Beaufort County early childhood experts react to SC school readiness audit

Teacher Colleen Kelly reads to 3-year-old students in the Dolphins room of Lowcountry Day preschool on Friday.
Teacher Colleen Kelly reads to 3-year-old students in the Dolphins room of Lowcountry Day preschool on Friday. Jay Karr

An audit of South Carolina First Steps, the state's school-readiness program, suggests too many parents are not preparing their children to learn, and the state should do more to help them.

First Steps' goal is to reach children who face risks such as low birth weight, poverty, abuse, or having teenage mothers. The Legislative Audit Council's report, released June 18, found that 14 years after the program was created, the percentage of at-risk children in South Carolina remains high.

The report says lawmakers must define "school readiness" and establish preschool testing to better determine which children most need help.

S.C. Rep. Shannon Erickson, R-Beaufort, who owns Hobbit Hill preschools in Beaufort, says Beaufort County does well in this regard. But she also argues that it and other counties would benefit if the state provided a clearer definition, as the auditors recommended, and testing that would provide earlier and better intervention.

Erickson and some other educators, however, are wary of traditional standardized testing for preschoolers.

"Young children learn in a variety of ways and develop at their own pace," Erickson said. "... Point-in-time assessments do not give a complete picture. The assessment needs to be interactive and observation-based."

National research has shown skills and abilities developed during early childhood are linked to academic and social outcomes later in school.

The Beaufort County School District spent $3.3 million last school year -- a mix of federal, state and local tax money -- to provide full- and half-day prekindergarten for 829 at-risk 4-year-olds. The district also offers speech, vision, hearing and developmental screening for children ages 2 1/2 to 5 at neighborhood elementary schools to identify those ready for kindergarten, as well as children who need services such as speech therapy or further examination for possible developmental concerns.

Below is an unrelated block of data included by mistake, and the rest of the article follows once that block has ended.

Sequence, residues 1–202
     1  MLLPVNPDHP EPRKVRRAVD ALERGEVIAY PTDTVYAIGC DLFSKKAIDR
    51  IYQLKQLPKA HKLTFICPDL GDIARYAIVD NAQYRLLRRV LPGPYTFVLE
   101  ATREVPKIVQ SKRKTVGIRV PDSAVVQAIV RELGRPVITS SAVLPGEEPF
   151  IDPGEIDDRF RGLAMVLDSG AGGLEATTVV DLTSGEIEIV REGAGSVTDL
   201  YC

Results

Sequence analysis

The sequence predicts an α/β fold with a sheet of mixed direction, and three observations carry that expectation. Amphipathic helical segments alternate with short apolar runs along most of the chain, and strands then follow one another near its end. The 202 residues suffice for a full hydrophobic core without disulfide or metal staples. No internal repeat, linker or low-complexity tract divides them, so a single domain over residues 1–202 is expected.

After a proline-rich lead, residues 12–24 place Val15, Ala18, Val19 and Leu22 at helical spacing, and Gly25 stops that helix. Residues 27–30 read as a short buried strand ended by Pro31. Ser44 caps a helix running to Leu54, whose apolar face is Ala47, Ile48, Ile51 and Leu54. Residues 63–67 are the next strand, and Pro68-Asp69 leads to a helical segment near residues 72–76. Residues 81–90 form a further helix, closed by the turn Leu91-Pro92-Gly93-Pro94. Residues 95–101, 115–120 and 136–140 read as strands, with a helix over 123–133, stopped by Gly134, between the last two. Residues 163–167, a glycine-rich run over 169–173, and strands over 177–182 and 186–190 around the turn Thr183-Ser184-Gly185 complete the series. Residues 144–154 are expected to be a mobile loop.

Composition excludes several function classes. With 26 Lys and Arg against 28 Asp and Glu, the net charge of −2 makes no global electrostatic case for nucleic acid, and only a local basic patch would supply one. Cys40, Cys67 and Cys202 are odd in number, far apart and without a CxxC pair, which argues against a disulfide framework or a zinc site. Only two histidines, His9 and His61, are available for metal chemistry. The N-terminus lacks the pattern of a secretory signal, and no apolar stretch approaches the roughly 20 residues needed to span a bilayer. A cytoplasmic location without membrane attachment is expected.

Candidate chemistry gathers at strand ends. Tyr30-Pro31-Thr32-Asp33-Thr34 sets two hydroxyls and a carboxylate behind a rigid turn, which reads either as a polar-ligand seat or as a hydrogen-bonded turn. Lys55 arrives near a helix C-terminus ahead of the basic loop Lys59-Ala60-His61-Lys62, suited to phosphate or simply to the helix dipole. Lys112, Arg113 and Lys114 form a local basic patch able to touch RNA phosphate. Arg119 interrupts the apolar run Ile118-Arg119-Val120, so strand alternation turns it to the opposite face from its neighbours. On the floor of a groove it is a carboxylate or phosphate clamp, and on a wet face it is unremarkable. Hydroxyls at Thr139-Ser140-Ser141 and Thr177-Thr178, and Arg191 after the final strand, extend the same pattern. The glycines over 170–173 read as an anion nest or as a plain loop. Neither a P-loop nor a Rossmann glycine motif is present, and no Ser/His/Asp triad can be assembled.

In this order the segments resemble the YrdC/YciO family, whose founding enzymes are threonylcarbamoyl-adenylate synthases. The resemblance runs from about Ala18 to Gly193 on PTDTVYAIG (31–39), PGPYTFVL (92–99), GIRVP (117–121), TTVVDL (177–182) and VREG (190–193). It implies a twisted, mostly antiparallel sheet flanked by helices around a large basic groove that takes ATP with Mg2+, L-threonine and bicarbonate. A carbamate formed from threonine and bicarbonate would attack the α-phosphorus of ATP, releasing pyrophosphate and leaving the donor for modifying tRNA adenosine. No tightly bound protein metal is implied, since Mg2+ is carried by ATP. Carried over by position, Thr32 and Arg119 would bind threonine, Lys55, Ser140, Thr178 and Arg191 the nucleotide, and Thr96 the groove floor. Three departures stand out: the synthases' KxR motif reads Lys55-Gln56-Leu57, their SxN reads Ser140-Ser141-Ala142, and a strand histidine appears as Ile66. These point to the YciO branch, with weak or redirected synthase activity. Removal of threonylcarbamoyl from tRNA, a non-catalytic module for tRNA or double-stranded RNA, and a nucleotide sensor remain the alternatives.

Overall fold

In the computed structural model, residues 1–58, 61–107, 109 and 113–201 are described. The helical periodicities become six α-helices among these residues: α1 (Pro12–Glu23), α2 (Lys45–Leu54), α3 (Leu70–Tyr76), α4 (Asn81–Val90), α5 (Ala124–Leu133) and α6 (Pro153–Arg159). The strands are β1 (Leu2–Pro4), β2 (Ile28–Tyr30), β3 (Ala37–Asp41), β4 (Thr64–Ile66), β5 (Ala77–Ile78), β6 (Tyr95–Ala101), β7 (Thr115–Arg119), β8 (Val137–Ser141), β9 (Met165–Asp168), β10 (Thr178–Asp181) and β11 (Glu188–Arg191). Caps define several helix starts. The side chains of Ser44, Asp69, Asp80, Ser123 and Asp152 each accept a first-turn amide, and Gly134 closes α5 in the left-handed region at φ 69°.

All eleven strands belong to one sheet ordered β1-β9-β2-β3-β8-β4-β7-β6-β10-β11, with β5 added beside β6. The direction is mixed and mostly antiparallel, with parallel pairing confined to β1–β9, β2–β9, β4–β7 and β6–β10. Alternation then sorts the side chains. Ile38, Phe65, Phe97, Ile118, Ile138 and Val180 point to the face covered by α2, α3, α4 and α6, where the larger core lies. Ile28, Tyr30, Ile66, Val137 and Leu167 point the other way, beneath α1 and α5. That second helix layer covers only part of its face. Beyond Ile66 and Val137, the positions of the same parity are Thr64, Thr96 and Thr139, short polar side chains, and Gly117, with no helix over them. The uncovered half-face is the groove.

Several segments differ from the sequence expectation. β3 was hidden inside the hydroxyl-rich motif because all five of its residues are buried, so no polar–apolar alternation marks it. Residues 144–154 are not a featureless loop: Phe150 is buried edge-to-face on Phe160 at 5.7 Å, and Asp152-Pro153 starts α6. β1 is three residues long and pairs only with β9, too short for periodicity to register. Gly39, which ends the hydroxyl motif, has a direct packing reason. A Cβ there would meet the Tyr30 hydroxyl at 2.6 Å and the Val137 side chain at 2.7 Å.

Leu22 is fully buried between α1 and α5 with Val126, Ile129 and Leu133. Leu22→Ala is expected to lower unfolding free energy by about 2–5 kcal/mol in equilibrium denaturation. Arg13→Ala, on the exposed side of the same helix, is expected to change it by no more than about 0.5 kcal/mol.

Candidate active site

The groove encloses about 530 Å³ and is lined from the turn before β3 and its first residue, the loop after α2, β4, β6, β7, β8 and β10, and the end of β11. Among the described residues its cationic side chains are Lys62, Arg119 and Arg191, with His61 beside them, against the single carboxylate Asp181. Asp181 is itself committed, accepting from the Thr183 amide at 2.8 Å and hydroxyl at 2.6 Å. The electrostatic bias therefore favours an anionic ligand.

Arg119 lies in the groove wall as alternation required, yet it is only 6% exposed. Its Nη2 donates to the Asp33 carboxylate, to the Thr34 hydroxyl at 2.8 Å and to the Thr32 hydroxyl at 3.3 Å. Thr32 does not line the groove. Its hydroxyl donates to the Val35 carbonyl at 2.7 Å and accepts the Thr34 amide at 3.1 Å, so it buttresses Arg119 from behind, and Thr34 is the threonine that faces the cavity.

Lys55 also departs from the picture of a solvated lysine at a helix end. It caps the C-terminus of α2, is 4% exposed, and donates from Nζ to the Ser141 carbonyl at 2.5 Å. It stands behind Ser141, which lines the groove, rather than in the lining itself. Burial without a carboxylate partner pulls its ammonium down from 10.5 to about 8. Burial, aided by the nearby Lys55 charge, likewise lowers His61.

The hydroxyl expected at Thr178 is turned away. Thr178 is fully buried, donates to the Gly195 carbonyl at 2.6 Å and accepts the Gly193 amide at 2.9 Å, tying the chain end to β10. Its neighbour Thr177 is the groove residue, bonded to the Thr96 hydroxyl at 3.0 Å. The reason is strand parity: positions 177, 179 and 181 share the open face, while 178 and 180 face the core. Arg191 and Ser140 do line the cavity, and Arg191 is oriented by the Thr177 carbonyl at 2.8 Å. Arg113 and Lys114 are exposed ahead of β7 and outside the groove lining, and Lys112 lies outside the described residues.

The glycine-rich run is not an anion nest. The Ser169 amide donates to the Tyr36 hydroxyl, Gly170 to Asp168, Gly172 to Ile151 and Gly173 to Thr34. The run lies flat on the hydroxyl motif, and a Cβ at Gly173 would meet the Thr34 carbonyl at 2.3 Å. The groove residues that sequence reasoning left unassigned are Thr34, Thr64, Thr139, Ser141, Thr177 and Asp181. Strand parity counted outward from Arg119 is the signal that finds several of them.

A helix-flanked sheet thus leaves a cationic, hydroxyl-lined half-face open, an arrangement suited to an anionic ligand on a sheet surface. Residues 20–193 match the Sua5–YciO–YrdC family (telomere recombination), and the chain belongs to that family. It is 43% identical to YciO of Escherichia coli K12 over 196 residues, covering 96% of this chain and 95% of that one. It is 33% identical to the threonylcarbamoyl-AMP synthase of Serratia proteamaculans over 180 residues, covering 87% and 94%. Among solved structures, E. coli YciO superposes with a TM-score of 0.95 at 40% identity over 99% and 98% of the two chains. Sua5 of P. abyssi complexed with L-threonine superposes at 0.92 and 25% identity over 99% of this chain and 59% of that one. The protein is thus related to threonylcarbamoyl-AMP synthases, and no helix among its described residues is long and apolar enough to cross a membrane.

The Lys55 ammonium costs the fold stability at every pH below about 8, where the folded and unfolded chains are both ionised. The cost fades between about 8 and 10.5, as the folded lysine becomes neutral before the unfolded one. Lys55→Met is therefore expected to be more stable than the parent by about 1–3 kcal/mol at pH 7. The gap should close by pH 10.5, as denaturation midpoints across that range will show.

"I believe school readiness also requires access to early intervention services and community resources," said Ashley Hutchison, Beaufort County district coordinator of early childhood education. "I feel the district does a great job of providing those services, but we should do more. Every child deserves the opportunity to attend a quality early childhood program to build foundational skills needed for lifelong success."

For more than 20 years, the district has provided a parenting and family literacy program to parents with children age 7 or younger. It aims to promote family literacy and help parents in their role as their child's first teacher. The program includes free help for adults to earn a high school equivalency degree.

"Children should choose and spend time looking at books in the classroom on a daily basis," said Kim Duke-Clark, owner of Lowcountry Day Christian Preschool & Camp in Bluffton, where children are read and sung to beginning at 6 weeks old.

But just as important as knowing the ABCs, rhyming, writing their name and counting to 99 are physical, social and emotional skills, Duke-Clark said.

That means children should be encouraged to play, particularly games and role-playing that encourage them to use their imagination, according to Hutchison.

"If a child has a good foundation of all of those domains, they will be successful and ready for school," Hutchison said.

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Related content:

S.C. Early Learning Standards: Early Learning Standards for children age 3, 4 and 5 are available from the S. C. Department of Education and are utilized in Beaufort County School District's early childhood programs.

Beaufort County officials urge lawmakers to expand early childhood education: June 25, 2013

Audit: Lawmakers need to define school readiness: June 18, 2013